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J Biol Chem. 2016 Jun 24;291(26):13715-29. doi: 10.1074/jbc.M115.703959. Epub 2016 Apr 25.

RhoC GTPase Is a Potent Regulator of Glutamine Metabolism and N-Acetylaspartate Production in Inflammatory Breast Cancer Cells.

Author information

1
From the Departments of Internal Medicine, Molecular and Integrative Physiology, and.
2
From the Departments of Internal Medicine.
3
the Department of Chemical and Systems Biology, Stanford University, Stanford, CA 94305.
4
the Department of Medicine, University of Wisconsin, Madison, Wisconsin 53705, and the William S. Middleton Memorial Veterans Hospital, Madison, Wisconsin 53705.
5
Pharmacology, University of Michigan, Ann Arbor, Michigan 48109.
6
Molecular and Integrative Physiology, and.
7
From the Departments of Internal Medicine, smerajve@umich.edu.

Abstract

Inflammatory breast cancer (IBC) is an extremely lethal cancer that rapidly metastasizes. Although the molecular attributes of IBC have been described, little is known about the underlying metabolic features of the disease. Using a variety of metabolic assays, including (13)C tracer experiments, we found that SUM149 cells, the primary in vitro model of IBC, exhibit metabolic abnormalities that distinguish them from other breast cancer cells, including elevated levels of N-acetylaspartate, a metabolite primarily associated with neuronal disorders and gliomas. Here we provide the first evidence of N-acetylaspartate in breast cancer. We also report that the oncogene RhoC, a driver of metastatic potential, modulates glutamine and N-acetylaspartate metabolism in IBC cells in vitro, revealing a novel role for RhoC as a regulator of tumor cell metabolism that extends beyond its well known role in cytoskeletal rearrangement.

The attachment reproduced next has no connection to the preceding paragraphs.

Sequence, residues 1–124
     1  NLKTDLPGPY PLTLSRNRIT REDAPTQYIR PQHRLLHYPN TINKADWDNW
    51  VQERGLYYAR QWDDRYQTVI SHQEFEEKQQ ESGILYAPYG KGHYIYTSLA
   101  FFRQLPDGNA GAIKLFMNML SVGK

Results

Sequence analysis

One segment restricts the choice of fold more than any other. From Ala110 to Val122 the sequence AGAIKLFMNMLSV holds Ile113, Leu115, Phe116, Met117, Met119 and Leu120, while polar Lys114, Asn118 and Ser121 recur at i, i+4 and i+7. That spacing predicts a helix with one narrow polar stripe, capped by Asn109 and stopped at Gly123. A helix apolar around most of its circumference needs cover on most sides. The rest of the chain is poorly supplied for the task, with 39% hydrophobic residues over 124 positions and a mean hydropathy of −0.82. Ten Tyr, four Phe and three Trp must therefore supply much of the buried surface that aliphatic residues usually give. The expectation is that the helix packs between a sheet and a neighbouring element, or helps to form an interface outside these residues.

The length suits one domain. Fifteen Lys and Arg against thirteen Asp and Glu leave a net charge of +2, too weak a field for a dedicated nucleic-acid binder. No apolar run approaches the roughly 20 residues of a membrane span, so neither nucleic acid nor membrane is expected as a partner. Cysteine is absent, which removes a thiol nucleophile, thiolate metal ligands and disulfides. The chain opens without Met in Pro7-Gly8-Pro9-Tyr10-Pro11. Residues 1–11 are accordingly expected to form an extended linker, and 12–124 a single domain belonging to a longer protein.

KEYWORDS:

N-acetylaspartate; Rho (Rho GTPase); breast cancer; glutamine; hypoxia-inducible factor (HIF); tumor metabolism

PMID:
27129239
PMCID:
PMC4919454
DOI:
10.1074/jbc.M115.703959
[Indexed for MEDLINE]
Free PMC Article

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